The application of international law by both NATO and Russia has been selective throughout this dispute. The ousting of President Victor Yanukovych was illegal, as he was democratically elected and a democratic process of impeachment existed for his legal and democratic removal, yet it was not used. In any case, his removal undeniably represents the will of the Ukrainian people and there is an instinctive justice in that. Similarly, the referendum in Crimea which resulted in a 97% vote in favor of joining the Russian Federation is curious, but in light of the Tatar community’s decision not to vote and the demographics of the region, it is still a plausible result. The world knows that the incorporation of Crimea into Russia is supported by the majority of the people of Crimea and Sevastopol by an even larger margin than the supporters of Yanukovych’s removal from power, even if the majority is less than 97%.

It may be wise to consider this dispute complete and leave the borders as they now are. NATO can either signal to Ukraine that they need to move their attention toward national reconciliation and economic recovery or it can fuel Ukrainian irredentism. Maybe like Kosovo, Crimea can also be a special case, but one which due to different circumstances necessitated a different result. NATO could use this opportunity to seek concessions from Russia in other areas of dispute in order to mend the relationship that had made so much improvement prior to Euromaidan. NATO could seek assurances from Russia that their expansion will stop at Crimea; that they will refrain from pushing further into Ukraine in exchange, recognize the annexation of Crimea.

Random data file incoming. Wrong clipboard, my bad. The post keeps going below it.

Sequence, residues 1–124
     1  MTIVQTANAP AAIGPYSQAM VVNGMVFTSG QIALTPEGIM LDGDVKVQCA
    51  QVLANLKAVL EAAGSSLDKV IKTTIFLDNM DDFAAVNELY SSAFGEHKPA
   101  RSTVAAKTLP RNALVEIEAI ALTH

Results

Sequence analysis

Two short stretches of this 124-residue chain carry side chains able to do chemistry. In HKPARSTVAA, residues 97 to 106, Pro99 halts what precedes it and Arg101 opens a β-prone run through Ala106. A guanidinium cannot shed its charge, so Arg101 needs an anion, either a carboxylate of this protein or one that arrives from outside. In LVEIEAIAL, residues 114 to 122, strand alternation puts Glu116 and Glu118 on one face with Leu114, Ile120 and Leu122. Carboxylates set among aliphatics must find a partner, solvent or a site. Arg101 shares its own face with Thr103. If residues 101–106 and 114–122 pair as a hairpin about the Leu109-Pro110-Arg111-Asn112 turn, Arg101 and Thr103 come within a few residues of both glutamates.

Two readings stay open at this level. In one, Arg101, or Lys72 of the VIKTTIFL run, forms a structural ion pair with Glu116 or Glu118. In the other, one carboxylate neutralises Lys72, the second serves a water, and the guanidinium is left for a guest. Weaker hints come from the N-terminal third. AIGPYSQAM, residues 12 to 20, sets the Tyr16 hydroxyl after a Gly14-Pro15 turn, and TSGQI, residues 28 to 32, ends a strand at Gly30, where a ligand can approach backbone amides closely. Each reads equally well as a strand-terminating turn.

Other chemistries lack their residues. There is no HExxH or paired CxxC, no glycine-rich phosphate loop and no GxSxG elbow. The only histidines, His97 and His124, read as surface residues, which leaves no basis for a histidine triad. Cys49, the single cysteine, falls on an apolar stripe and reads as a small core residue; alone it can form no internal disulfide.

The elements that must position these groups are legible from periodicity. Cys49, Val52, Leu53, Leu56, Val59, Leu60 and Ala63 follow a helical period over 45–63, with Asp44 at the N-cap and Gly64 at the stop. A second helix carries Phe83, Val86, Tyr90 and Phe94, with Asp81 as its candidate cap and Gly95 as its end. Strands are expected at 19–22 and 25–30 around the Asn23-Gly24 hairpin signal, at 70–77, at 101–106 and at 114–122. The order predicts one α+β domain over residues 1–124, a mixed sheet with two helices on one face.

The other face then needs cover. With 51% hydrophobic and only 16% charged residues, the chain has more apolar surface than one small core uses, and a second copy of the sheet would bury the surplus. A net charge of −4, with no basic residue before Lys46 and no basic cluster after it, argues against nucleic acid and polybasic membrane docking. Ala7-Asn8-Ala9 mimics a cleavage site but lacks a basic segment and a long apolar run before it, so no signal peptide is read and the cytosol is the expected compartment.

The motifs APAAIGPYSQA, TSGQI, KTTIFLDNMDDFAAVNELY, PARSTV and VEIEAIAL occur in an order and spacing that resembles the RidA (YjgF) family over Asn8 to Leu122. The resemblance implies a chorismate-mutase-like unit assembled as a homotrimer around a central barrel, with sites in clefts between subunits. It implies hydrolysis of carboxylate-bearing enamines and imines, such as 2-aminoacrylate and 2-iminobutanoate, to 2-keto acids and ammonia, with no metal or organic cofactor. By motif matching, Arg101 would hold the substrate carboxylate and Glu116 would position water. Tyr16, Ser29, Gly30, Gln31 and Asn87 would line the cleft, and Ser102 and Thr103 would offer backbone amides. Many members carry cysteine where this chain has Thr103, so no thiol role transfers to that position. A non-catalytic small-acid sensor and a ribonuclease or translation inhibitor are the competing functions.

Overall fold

Without Crimea, Ukraine’s pro-European government will benefit from being in a larger majority which will help long-term stability. Ukraine has been divided by a population which has different historical memories as part of either the Austro-Hungarian Empire or the Russian Empire and until now was divided over the future direction of their country. The loss of pro-Russian Crimea will consign the pro-Russian movement in Ukraine to a minority for years to come and provide some much needed stability to the country and the new government.

Justine Reisler
Justine Reisler holds an Honors Bachelor of Arts Degree from the University of Toronto. She completed a Double Major in International Relations and Political Science with a Minor in European Union Studies. She has worked as a Media Analyst for the Canadian Centre for the Responsibility to Protect and has traveled to Kosovo for an investigative research report on Kosovo’s progress toward independent border management. Her current research interests include security and political developments in Russia, Southeastern Europe, the Caucuses and the Middle East.